The chair of the competition regulator has dismissed allegations that Woolworths had unfairly pressured fresh produce suppliers over the request by Woolworths for financial contributions to its Jamie Oliver Collectibles Campaign, which industry group Ausveg claimed in June.

“We contacted the 200 suppliers approached by Woolworths to fund its campaign to enquire about the nature and content of their communications with Woolworths,” the ACCC said.

“In the course of the investigation, the ACCC has not received any evidence that suppliers were unfairly pressured.”

The ACCC is able to reconsider if other supplier experiences come to light, but the initial allegations have not been supported by our enquiries to date, it added.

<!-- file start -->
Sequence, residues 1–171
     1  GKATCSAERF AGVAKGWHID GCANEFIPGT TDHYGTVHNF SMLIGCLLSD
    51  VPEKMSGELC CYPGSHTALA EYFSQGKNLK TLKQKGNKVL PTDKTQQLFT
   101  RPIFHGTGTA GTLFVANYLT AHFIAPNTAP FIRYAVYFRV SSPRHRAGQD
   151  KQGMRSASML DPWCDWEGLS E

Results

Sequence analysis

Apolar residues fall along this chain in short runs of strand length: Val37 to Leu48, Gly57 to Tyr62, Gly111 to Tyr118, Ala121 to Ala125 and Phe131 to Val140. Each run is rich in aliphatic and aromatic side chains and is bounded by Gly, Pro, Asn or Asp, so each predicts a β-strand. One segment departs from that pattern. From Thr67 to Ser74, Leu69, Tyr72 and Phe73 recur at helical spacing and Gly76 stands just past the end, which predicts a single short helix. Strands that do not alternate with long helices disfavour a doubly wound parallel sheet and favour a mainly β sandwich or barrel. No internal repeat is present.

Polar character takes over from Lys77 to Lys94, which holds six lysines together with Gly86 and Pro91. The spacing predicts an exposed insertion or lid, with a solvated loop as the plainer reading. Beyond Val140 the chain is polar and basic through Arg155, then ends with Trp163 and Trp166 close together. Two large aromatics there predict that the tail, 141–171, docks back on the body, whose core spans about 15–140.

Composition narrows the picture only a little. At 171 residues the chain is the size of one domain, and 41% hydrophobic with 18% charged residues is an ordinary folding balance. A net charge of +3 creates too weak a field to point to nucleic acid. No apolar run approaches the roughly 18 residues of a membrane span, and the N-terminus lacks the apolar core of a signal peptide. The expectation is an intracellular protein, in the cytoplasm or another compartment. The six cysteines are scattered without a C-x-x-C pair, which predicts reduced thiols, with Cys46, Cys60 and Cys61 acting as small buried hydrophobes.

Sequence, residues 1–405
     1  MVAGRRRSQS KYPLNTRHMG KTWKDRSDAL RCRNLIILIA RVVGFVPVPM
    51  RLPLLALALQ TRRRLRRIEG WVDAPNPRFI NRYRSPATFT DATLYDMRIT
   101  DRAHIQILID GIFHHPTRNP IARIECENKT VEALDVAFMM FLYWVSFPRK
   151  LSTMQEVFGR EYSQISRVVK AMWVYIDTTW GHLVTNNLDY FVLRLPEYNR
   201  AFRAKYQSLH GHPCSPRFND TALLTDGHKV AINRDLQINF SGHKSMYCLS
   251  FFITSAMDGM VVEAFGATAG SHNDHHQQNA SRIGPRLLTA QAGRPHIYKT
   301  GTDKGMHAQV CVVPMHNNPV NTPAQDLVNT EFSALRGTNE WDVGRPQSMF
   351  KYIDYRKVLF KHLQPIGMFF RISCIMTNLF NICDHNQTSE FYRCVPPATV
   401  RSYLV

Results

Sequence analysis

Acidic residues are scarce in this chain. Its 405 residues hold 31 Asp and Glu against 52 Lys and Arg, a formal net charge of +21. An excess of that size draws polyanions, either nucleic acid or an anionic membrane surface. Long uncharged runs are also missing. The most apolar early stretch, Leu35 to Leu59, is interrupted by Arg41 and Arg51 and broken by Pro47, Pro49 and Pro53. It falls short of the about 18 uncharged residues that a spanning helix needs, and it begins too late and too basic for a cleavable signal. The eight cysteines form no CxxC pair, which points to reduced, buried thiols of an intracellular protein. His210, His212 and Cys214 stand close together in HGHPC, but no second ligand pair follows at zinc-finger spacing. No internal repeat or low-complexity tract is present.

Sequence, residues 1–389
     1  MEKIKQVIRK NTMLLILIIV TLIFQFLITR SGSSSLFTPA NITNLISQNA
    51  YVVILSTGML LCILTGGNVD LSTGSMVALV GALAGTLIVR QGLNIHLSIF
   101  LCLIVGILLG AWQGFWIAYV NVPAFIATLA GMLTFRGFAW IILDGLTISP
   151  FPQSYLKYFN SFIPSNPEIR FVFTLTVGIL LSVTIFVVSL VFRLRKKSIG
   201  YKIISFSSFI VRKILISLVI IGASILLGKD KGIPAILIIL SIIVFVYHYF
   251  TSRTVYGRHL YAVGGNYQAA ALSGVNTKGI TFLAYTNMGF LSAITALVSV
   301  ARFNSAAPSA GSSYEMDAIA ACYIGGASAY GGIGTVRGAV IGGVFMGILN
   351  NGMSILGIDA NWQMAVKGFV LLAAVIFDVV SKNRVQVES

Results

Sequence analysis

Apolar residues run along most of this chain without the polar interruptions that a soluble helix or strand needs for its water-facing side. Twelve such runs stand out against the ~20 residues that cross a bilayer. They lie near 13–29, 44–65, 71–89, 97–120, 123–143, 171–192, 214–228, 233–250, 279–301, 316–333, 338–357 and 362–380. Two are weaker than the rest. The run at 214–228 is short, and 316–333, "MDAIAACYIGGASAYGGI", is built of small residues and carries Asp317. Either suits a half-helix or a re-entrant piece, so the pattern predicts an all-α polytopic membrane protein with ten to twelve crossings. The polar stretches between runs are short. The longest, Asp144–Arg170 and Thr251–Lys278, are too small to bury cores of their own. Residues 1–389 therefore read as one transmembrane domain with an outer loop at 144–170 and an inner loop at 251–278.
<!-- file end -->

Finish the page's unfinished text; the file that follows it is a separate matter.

ACCC chairman Rod Sims was addressing the Australian Farm Institute Conference in Melbourne last week and explained how Australian agriculture can benefit from better competition policy.

Talking about competition laws, Mr Sims said that unconscionable conduct can be commercially and economically damaging and can create risks and uncertainty for businesses.

For example, farmers may be unwilling to invest in new farming equipment to expand production if they are concerned the buyer of that product could unilaterally change the terms of their contract after the fact.

Businesses may seek substantial guarantees before entering a contract or commercial arrangement with another party, or limit their commercial dealings to other businesses they know.
If left unchecked, therefore, unconscionable conduct can adversely affect the functioning of markets.

A common concern raised with the ACCC by small business is that of unilateral changes to contracts by a larger business.

The ACCC is currently undertaking ten in-depth unconscionable conduct investigations and has six current proceedings in the Federal Court in which unconscionable conduct is alleged.

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